Roxy Mathew Koll, a climate scientist at the Indian Institute of Tropical Meteorology in Pune, Murtugudde and colleagues tracked the microscopic phytoplankton from space. Phytoplankton, like land plants, are tinted green. When the sea surface is filled with phytoplankton, the water takes on a lighter, greener tinge. As the phytoplankton population thins, the water turns darker and bluer.

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Twenty-four new beetle species discovered in Australian rain forests

Twenty-four new beetle species discovered in Australian rain forests | Amazing Science |

As many as twenty-four new species from Australian rainforests are added to the weevil genus Trigonopterus. Museum scientists Dr. Alexander Riedel, State Museum of Natural History Karlsruhe, Germany, and Rene Tanzler, Zoological State Collection Munich, Germany, have first discovered them among unidentified specimens in different beetle collections. The study is published in the open-access journal ZooKeys.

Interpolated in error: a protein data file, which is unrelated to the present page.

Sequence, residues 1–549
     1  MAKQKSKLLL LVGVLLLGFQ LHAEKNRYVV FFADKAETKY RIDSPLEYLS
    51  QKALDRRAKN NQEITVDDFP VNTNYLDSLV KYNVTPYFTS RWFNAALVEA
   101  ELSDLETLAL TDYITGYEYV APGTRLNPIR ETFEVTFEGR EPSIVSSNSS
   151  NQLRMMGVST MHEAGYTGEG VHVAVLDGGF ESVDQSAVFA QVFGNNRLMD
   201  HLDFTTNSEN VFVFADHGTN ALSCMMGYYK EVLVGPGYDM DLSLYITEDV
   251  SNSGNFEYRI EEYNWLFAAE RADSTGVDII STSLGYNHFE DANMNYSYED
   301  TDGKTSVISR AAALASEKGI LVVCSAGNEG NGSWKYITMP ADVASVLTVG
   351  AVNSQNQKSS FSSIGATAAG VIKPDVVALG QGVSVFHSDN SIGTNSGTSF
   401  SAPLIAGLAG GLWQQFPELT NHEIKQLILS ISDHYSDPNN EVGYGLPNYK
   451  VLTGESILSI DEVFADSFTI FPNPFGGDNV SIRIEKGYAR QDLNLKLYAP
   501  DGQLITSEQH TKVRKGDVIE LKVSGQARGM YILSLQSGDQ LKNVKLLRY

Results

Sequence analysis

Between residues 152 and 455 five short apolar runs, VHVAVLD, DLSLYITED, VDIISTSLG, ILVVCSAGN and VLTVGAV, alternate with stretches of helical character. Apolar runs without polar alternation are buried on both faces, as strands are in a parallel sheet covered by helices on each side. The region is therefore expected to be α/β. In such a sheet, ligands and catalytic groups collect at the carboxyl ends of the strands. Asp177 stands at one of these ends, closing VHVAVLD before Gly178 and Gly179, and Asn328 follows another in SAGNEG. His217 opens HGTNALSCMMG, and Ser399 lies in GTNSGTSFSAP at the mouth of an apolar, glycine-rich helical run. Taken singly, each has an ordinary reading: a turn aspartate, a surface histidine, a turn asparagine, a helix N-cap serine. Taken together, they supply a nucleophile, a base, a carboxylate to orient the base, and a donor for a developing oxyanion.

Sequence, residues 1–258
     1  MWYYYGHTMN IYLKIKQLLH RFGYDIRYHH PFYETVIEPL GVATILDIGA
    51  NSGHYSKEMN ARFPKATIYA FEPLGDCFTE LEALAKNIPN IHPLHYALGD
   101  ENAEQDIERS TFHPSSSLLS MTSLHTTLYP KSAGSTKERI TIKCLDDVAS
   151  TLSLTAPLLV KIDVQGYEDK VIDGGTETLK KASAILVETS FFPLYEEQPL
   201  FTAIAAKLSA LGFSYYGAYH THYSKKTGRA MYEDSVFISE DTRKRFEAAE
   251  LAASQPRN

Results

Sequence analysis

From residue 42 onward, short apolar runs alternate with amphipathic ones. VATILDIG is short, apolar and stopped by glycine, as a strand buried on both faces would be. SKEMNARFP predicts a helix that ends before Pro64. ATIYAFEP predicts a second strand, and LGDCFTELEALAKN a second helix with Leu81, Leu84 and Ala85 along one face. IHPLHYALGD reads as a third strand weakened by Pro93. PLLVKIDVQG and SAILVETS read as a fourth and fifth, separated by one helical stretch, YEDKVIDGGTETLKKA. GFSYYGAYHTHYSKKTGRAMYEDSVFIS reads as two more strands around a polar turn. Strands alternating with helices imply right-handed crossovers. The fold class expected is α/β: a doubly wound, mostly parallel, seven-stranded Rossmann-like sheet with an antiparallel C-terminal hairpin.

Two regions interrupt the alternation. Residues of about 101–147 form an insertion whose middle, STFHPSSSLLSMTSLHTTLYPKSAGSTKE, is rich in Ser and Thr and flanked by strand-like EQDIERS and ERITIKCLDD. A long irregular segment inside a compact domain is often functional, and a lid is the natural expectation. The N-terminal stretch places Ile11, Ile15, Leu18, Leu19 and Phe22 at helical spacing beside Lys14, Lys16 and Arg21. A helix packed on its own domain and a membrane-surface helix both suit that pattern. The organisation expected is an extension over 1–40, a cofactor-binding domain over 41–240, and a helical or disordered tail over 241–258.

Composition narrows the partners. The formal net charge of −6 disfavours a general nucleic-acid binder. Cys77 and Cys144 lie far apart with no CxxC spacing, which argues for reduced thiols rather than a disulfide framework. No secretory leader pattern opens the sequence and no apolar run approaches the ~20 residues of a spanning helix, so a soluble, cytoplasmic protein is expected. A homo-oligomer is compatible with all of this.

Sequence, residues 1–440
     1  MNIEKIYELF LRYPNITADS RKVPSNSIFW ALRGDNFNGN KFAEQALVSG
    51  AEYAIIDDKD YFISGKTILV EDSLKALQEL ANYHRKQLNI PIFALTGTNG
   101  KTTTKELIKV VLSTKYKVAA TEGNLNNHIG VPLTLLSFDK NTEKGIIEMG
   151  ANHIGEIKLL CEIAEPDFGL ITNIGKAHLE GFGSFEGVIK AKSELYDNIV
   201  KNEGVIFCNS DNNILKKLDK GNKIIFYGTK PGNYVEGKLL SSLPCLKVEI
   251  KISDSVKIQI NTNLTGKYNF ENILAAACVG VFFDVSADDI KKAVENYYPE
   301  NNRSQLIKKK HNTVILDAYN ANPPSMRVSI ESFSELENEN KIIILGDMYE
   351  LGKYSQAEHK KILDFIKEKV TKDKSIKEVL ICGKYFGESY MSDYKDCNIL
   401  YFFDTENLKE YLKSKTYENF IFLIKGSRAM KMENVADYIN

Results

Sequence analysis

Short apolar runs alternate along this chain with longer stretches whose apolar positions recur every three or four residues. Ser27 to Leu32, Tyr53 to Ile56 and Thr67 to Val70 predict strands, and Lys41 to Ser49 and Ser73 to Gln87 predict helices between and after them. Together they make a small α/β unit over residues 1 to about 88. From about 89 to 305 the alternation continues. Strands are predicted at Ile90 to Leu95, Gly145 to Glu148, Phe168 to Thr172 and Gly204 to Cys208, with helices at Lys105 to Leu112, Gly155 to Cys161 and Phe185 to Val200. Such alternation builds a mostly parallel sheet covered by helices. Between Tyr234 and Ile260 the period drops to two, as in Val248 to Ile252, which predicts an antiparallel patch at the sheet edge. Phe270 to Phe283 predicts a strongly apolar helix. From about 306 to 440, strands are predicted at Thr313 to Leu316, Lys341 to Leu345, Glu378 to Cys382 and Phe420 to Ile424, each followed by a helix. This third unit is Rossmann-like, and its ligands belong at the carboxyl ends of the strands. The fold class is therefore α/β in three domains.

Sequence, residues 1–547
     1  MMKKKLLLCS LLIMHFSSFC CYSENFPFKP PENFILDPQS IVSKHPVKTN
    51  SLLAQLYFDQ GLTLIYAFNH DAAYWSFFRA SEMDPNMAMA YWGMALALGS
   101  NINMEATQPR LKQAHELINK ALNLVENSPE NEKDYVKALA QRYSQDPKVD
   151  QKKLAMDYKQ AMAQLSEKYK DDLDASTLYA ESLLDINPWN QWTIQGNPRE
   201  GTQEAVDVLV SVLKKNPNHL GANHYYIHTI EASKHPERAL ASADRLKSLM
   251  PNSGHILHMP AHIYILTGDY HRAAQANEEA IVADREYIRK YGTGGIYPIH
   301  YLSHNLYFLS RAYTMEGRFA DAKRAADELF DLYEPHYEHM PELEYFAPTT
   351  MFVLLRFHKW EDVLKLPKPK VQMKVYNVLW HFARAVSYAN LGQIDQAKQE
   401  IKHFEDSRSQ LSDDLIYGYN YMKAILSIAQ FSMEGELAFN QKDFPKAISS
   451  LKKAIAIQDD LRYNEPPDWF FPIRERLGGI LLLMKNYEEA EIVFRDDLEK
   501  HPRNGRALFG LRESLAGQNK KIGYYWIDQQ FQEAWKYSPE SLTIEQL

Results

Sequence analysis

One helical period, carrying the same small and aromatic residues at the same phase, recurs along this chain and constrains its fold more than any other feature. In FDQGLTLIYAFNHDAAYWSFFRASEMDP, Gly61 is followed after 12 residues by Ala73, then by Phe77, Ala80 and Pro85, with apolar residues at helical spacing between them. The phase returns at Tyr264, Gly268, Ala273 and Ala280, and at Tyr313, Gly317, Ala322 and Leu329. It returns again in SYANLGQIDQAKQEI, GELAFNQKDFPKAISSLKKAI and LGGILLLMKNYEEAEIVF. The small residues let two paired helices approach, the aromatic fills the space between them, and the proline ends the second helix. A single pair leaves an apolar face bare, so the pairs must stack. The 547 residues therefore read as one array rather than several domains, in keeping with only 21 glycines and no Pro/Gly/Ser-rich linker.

Australia is well known for its extensive deserts and savanna habitats. However, a great number of native Australian species are restricted to the wet tropical forests along the east coast of northern Queensland. These forests are also the home of the recent discoveries.

Most of the weevil species now recognised as new have already been collected in the 80s and 90s of the past century. Since then they had been resting in museum collections until German researcher Alexander Riedel had the opportunity to study them.

“Usually a delay of decades or even centuries occurs between the encounter of a new species in the field and its thorough scientific study and formal naming,” he explains. “This is due to the small number of experts who focus on species discovery,” he elaborates. “There are millions of unidentified insect specimens stored in collections around the world but only few people have the training necessary to identify those of special interest.”

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How specialized enzymes remodel condensed chromatin in order to control genes

How specialized enzymes remodel condensed chromatin in order to control genes | Amazing Science |

An international team of biologists has discovered how specialized enzymes remodel the extremely condensed genetic material in the nucleus of cells in order to control which genes can be used. The discovery will be published in the print edition of the journal Nature on Feb. 4, 2016.